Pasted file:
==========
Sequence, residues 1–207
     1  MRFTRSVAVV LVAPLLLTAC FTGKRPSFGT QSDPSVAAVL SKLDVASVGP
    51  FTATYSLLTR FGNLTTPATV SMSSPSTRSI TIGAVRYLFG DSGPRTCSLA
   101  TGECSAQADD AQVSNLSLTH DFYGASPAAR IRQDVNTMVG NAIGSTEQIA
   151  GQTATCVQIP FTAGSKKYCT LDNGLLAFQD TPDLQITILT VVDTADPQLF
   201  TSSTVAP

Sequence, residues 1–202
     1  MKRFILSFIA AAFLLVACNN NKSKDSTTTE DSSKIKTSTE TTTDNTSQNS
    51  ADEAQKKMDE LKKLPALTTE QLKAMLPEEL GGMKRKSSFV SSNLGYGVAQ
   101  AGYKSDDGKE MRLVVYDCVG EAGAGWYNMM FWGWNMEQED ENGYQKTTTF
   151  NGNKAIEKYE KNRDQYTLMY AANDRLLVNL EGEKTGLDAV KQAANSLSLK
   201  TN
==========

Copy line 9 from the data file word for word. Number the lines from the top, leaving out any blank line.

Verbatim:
    51  ADEAQKKMDE LKKLPALTTE QLKAMLPEEL GGMKRKSSFV SSNLGYGVAQ